“Every man in my family has been in the Klan as far back as you trace it. Now here’s a whole new legacy.”
Shane Johnson was born in Shelbyville, Indiana, the son of the Imperial Nighthawk—the chief enforcer—of the Indiana White Knights of the Ku Klux Klan. From the moment Shane was born, his father drilled in the doctrine, took him to cross burnings, and taught his son how to hate.
Everything was Klan, all the time. And so it became Shane’s life, too.
“They believe that everybody else is subhuman—that they don’t have a soul, and only white people do. When I talk about it now, it’s so stupid,” says Shane. “But at one point in time, it wasn’t to me. And it certainly wasn’t for my dad. We would have killed or died for it.”
On the first day of school, Shane refused to sit next to an African American classmate. His father was proud. When his history class studied the KKK, everyone turned and stared. Even the teacher felt uncomfortable, but Shane stayed the course. He accepted that he was just “the Klan kid.”
“If you threaten a kid with eternal damnation and hell…it’s a good way to get him to listen,” says Shane. “I listened to everything and did everything I was supposed to do. I had no friends.”
By his early 20s, Shane and his Klan brothers were repeatedly getting in trouble with the law. And suddenly, Shane’s father died. For the first time, he no longer enforced his son’s thoughts and actions. Shane was now free to doubt, to question.
After a drunken fight in a nearby town where the Klan attacked innocent locals, Shane woke up in jail and realized that if he continued on his path, he’d likely end up in prison.
Around this time, Shane also met Tiffany, the woman who opened his eyes to the world he had missed.
“She brought in questioning, and that’s what started it,” says Shane. “I started to realize that there was a flaw in my belief system.”
Shane began reading up on other belief systems and realized that “everybody has problems, and it’s so much easier if you can just blame those problems on something else. But it’s not the Jewish, African American, or Hispanic peoples’ fault that [we] didn’t finish high school and don’t have jobs.”
At age 22, Shane left the Ku Klux Klan for good.
But on his way out of town, Shane was jumped by his former Klansmen. They put him in the hospital for two weeks. Four years later, the KKK continues to threaten and attack Shane as a “race traitor.” He imagines that if his father were alive, “he’d be encouraging them to kill me, probably.”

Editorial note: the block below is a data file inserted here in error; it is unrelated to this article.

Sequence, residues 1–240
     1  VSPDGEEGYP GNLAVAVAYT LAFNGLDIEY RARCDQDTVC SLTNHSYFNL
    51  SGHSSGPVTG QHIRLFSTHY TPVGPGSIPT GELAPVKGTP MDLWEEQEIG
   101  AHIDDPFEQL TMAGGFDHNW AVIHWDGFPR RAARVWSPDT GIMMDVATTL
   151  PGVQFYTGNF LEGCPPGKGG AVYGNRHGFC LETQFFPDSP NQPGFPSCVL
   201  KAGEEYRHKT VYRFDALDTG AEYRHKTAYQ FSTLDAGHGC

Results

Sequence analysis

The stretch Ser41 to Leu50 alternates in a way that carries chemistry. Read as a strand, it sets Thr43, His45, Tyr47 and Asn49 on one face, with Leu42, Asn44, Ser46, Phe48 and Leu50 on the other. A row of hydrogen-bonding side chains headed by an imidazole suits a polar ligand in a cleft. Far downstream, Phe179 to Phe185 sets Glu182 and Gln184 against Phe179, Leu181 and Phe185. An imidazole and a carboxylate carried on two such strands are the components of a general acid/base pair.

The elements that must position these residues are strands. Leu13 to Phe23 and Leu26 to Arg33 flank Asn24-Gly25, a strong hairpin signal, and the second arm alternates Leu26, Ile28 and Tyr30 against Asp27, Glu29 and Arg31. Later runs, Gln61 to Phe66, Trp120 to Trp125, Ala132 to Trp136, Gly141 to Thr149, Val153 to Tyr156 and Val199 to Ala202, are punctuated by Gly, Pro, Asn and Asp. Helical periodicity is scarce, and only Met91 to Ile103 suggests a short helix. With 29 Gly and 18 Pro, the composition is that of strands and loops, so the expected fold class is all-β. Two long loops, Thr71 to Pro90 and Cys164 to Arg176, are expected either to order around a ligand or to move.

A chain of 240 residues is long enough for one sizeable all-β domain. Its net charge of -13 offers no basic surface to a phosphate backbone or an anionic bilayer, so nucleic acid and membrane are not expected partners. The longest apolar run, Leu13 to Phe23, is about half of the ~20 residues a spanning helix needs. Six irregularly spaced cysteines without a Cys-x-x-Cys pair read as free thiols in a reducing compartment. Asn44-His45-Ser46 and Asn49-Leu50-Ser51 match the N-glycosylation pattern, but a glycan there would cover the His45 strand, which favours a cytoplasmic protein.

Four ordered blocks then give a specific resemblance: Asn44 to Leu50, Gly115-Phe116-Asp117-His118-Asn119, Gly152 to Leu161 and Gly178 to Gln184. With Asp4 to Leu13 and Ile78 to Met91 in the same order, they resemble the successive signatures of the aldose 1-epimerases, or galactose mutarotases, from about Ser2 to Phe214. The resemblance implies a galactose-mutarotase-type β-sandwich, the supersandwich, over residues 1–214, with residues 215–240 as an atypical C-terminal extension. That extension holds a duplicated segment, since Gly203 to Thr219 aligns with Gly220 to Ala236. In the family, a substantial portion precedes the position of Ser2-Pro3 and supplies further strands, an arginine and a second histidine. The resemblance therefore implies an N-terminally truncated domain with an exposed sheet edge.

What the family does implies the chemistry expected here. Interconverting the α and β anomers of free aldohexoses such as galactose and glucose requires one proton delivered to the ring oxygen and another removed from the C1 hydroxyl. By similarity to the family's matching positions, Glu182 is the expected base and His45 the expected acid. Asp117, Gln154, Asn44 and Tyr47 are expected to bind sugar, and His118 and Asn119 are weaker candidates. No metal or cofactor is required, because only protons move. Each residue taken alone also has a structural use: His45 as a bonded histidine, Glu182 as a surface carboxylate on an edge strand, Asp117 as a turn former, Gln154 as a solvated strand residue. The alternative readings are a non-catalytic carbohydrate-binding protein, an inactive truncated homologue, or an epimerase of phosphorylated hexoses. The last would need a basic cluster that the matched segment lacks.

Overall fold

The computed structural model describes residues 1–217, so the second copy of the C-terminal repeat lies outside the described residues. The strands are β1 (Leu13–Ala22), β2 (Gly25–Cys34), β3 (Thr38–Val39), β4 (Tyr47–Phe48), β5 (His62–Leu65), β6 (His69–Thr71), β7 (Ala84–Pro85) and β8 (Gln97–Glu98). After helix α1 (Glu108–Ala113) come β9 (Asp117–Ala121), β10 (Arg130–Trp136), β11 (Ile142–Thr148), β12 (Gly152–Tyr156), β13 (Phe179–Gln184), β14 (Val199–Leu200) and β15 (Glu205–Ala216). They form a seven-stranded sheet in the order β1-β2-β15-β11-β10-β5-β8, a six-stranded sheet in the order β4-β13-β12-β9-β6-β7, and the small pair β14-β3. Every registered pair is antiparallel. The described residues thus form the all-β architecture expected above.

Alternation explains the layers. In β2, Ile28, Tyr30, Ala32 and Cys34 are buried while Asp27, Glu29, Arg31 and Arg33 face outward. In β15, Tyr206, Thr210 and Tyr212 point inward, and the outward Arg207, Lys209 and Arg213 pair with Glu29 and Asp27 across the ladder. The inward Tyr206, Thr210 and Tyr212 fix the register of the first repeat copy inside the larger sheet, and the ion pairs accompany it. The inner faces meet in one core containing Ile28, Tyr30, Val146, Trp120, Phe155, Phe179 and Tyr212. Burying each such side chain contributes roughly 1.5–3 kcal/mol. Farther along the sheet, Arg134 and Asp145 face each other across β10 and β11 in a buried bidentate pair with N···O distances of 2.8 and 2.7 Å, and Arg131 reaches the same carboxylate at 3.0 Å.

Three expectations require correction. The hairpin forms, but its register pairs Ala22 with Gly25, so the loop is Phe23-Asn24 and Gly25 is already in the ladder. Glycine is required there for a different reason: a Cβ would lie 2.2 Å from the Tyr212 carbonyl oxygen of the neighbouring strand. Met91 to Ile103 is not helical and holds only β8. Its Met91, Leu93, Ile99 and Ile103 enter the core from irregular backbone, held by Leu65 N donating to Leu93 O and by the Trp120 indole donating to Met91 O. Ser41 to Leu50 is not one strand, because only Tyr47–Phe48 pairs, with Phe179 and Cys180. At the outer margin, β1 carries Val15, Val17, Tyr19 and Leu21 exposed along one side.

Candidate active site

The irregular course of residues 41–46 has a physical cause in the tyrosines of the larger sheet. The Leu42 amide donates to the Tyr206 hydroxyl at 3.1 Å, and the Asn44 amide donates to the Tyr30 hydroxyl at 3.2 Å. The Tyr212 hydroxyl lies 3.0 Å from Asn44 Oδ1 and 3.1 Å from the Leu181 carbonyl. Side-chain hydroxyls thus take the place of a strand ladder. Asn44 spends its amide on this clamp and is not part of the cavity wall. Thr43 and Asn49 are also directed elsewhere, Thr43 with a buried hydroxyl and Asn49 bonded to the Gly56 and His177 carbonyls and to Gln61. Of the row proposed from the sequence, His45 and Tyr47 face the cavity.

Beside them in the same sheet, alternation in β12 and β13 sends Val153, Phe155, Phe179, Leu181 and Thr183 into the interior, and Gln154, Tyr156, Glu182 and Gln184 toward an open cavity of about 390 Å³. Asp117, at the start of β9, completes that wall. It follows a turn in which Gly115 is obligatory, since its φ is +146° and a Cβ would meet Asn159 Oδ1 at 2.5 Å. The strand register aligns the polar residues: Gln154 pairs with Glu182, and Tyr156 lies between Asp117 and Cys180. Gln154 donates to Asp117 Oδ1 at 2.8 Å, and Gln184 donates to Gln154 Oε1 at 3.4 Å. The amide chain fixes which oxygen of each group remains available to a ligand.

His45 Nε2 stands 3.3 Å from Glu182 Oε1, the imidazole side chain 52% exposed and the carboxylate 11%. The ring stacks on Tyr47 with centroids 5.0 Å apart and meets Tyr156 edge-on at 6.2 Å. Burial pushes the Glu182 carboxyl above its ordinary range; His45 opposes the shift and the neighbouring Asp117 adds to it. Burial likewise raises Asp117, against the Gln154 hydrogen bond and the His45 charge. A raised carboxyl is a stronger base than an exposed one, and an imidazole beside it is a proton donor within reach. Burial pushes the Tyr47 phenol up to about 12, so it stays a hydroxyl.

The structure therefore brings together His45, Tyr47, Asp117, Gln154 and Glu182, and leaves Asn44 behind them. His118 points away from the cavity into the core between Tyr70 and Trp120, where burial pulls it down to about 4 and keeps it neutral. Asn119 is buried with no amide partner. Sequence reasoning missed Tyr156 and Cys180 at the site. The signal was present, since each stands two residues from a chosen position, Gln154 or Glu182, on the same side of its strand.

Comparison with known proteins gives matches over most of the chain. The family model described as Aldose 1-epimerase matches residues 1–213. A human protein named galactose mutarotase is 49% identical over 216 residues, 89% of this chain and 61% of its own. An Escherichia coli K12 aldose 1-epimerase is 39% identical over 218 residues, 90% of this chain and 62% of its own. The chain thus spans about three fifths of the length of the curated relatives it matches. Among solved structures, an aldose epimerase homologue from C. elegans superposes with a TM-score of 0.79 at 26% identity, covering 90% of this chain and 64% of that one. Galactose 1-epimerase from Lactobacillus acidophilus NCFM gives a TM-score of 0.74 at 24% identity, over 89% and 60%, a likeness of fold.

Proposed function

Still, Shane says that leaving the Klan was “the best decision I ever made.” And with Tiffany and their newborn son Wyatt at home, Shane feels even more of a responsibility to speak out and strike a fresh path for his family—to create a new legacy.
But one thing holds Shane back: his tattoos. Much of his upper body is covered in hate-filled Klan ink, including multiple swastikas. The Klan gave him his first tattoos at just 12 years old. All of them were drawn by amateurs, often using melted-down chess pieces as ink.
Now, the tattoos are a lasting reminder of the past Shane wants to leave behind—and the shame from which he hopes to shield his son. Whenever he meets a new person or interviews for a job, the tattoos are the first thing they see. Shane can cover most of them with clothing, but the hateful symbols that climbed up his neck have resisted his best efforts.
That’s where Southside Tattoo came in.
Beth and Dave Cutlip of Southside Tattoo in Baltimore, MD, offer a special service to people like Shane. They cover up hateful and gang-related tattoos for free to help people leave the shameful vestiges of their pasts behind. To cover travel costs and other expenses for the people they help, the Cutlips started a GoFundMe.
When Shane heard about the Cutlips’ work, he reached out to see if they could help him with his fresh start, too. After reviewing his tattoos and hearing his story, they booked him a flight to Baltimore.
Over two sessions, Dave covered the anti-Semitic and white power relics of Shane’s past. Now, his neck bears a band of roses framing his son’s name.
“He’s going to see a direct effect instantly when he goes out,” says Beth. “Shane can go to a PTA meeting. Shane can have kids come to his house and spend the night, and their parents aren’t gonna say, ‘Oh, no. Your kid can’t play with my kid.’ It’s so much more than just covering up that tattoo.”
Shane couldn’t be happier. Finally, his appearance reflects the man he has chosen to be—instead of the one he was born. He calls the Cutlips his angels.
“It’s all about my son’s future. Every bit of it,” says Shane. “My dad taught me hate—nothing else. I just wanna teach my son love.”
The Cutlips continue to help people like Shane who choose love instead of hate. Now, they are raising money for tattoo removal laser equipment, which will allow them not just to cover up, but to erase the hate for good.